- Give your remote learners a variety of ways to demonstrate that they’re engaged during your lessons. Just because their screens may be off, doesn’t mean they’re not there. You can encourage them to unmute themselves, use the chat box, use reactions or hand signals to share.
- Create routines. Give your students a sense of routine and stability by starting your days the same way. You can begin with a question for the students to answer while you take attendance; begin with a fun greeting or class meeting; review the schedule for the day; and assign class jobs (greeter, attendance taker, chat monitor, co-host for the day, etc.).
- Reach out to your school/district technology department for support. You’ll want to make sure that your in-person and remote students can see the same things while you are teaching. I accomplish this by projecting my computer on the board for my in-person students and then sharing my screen on Zoom for my remote students. My projector has built-in speakers that allow my in-person students to hear what the remote students are saying. Because every school/district is different, it is important to reach out to see what devices and tools you have at your disposal.
- Use a second device to give your remote students a glimpse into your classroom. While this is optional, it allows your remote students to see what’s going on in your classroom and to see their classmates. Your in-person students can also see their remote classmates through that second screen.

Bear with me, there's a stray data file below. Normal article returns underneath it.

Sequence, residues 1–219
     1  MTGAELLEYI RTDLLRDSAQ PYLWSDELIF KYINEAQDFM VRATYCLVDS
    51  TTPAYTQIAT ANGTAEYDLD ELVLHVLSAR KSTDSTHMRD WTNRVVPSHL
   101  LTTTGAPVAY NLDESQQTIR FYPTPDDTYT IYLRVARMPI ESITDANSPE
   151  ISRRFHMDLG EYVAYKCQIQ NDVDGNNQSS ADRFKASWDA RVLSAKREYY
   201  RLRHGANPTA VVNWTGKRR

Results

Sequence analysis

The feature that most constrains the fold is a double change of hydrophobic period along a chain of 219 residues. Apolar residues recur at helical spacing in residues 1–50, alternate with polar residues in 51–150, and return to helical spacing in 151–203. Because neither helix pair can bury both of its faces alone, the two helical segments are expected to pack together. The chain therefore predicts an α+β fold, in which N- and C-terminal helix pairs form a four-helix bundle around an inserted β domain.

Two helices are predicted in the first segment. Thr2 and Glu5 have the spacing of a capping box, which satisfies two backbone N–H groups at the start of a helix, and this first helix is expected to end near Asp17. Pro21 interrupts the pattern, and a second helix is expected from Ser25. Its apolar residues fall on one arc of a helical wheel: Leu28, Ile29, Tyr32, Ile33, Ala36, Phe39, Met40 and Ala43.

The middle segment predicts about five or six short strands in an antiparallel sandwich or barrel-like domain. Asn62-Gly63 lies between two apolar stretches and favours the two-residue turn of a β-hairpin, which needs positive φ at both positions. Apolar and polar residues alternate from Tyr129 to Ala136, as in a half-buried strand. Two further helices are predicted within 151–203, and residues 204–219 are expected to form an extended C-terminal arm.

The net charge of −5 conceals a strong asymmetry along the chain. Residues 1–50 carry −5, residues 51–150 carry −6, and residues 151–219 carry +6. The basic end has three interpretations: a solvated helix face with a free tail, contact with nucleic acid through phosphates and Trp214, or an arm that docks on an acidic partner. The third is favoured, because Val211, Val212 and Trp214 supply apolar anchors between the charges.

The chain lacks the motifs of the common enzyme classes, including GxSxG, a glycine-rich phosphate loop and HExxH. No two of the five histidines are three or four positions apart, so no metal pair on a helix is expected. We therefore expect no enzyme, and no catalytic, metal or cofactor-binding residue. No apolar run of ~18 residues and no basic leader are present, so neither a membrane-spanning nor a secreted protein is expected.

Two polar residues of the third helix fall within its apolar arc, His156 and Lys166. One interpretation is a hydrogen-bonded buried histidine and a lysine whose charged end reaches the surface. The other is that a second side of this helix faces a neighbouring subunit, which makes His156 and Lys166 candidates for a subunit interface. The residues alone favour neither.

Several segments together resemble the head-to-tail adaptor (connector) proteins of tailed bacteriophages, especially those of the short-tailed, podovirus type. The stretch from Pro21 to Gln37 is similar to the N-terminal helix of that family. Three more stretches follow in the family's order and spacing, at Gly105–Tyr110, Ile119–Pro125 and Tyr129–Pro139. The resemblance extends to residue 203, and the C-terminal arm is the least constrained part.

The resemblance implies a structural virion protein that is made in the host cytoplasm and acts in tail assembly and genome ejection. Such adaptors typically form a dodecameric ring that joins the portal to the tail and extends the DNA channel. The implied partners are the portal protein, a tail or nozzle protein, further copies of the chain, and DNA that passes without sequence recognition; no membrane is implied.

- Find ways to celebrate your students. This has been such a tough year, so celebrate the little things, such as birthdays, student accomplishments, spirit days, and class rewards.
- Do find opportunities for experiences like virtual field trips. Take advantage of experiences that websites, museums, and children’s organizations are offering.
- Don’t expect to follow the same pacing as you did last year. Everything takes longer, and that’s OK.
- Don’t be so hard on yourself or your students. Give yourself and your students grace. It’s easy to get discouraged when something goes wrong. When something does go wrong, don’t take it personally. This is all new for you and your students.
- Don’t forget to unmute (or mute) yourself! This happens to me WAY too many times!
- Don’t overextend yourself trying to keep up with other teachers. Find 2-3 resources/apps you and your students are familiar with and stick to them.
- Don’t forget to practice self-care. Teaching concurrently is no easy feat, so make sure you take care of yourself! Meditate, stay active, spend time with your family, and leave schoolwork at work every so often. Self-care is not selfish. You cannot serve from an empty vessel.
Take care and best of luck, teacher friends!
Christina E. Cox is the chair of the history department at York Preparatory School in New York City:
Here’s what I’ve learned since I first started teaching online and in person concurrently in September: